Jeff co-founded the Weather Underground in 1995 while working on his Ph.D. He flew with the NOAA Hurricane Hunters from 1986-1990.
By: Dr. Jeff Masters , 3:17 PM GMT on August 29, 2005
Katrina has spared New Orleans a direct hit. Although the damage will be incredible, it could have been much, much worse. At 10am CDT the eyewall of Hurricane Katrina moved ashore along the Louisiana-Mississippi border between New Orleans and Gulfport, almost the exact spot Hurricane Camille devastated in 1969. The worst of Katrina is now being experienced everywhere along the coast. The National Weather Service is reporting that the levees in Orleans and St Bernard parishes have been overtopped by the storm surge, and there are reports of life-threatening flooding, roof damage, and building collapses in the city. However, the storm's passage to the east of the city means that New Orleans has escaped the catastrophic blow a direct hit would have delivered, and heavy loss of life is not expected in New Orleans.
Bay Saint Louis, Biloxi, and Gulfport Mississippi will take the full force of Katrina's right eyewall, and a storm surge of 15-20 feet is likely along the west and central Mississippi coast. Katrina will continue to weaken as she interacts with land, but will maintain hurricane intensity until about midnight tonight, when she will be nearly 200 miles inland. Tornado warnings have been issued for Louisiana, Mississippi, Alabama, and Florida in the past hour, and tornadoes will continue to be a serious threat throughout the day. Heavy rains will also be a major problem, and rainfall amounts of 8 inches have already occurred near the Louisiana-Mississippi border.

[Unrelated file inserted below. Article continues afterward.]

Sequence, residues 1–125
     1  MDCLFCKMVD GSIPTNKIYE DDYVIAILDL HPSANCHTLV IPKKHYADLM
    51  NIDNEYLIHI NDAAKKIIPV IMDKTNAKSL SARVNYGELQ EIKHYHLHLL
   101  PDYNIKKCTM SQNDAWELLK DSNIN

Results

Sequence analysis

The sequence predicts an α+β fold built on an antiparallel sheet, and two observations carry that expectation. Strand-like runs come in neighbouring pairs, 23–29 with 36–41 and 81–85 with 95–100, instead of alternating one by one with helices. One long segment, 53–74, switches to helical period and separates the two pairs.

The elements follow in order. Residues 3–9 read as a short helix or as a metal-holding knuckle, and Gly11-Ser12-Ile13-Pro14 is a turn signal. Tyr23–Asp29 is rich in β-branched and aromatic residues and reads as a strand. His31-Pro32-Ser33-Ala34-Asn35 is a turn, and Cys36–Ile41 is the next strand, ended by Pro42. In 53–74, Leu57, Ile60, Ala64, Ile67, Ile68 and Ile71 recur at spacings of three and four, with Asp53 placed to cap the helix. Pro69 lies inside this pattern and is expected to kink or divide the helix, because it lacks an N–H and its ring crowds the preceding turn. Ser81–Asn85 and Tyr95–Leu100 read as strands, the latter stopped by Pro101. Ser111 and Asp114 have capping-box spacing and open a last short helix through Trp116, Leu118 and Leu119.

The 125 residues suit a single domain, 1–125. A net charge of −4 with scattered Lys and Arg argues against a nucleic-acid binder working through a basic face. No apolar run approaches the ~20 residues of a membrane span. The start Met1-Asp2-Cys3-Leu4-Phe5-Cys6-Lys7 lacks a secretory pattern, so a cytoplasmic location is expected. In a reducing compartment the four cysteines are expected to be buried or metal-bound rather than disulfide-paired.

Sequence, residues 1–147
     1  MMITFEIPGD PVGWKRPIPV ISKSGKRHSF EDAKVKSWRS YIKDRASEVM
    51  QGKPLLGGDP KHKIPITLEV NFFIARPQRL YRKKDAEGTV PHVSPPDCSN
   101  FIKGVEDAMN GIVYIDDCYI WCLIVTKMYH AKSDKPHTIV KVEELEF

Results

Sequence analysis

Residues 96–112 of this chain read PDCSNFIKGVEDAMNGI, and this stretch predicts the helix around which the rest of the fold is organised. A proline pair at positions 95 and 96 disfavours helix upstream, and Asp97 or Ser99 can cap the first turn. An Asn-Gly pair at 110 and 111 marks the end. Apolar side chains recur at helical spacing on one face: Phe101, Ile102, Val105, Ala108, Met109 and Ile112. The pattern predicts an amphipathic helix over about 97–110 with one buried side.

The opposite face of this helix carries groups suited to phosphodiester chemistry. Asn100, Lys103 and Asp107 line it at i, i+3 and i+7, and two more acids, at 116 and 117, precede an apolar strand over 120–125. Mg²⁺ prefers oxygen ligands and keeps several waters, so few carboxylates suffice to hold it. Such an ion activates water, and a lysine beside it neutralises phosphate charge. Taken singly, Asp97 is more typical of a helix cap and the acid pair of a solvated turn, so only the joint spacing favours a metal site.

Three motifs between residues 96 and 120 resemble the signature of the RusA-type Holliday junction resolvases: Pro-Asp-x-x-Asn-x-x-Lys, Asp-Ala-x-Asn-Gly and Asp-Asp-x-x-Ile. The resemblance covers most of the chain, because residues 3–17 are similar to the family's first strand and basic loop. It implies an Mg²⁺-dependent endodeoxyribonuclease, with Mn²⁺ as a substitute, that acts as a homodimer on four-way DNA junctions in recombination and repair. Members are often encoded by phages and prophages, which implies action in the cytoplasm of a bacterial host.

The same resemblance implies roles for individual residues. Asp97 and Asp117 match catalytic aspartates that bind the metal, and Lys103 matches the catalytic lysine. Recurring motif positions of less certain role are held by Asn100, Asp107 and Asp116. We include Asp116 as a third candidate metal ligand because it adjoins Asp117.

As of 11am EDT, communications with four National Weather Service offices have failed. No radar information is available from the NWS offices in New Orleans and Lake Charles in Louisiana, and Jackson in Mississippi. The NWS offices are still able to send out warnings and forecasts.
Now that Katrina is moving ashore, the Hurricane Hunters have flown their final flight into the storm. A special thanks need to be given to the Air Force Hurricane Hunters based at Keesler Air Force Base in Biloxi, Mississippi, who have flown Katrina around the clock while their families remained on the ground in Biloxi. Biloxi will suffer Katrina's harshest blow, and many of the Hurricane Hunters will see their homes destroyed or heavily damaged.
Dr. Jeff Masters
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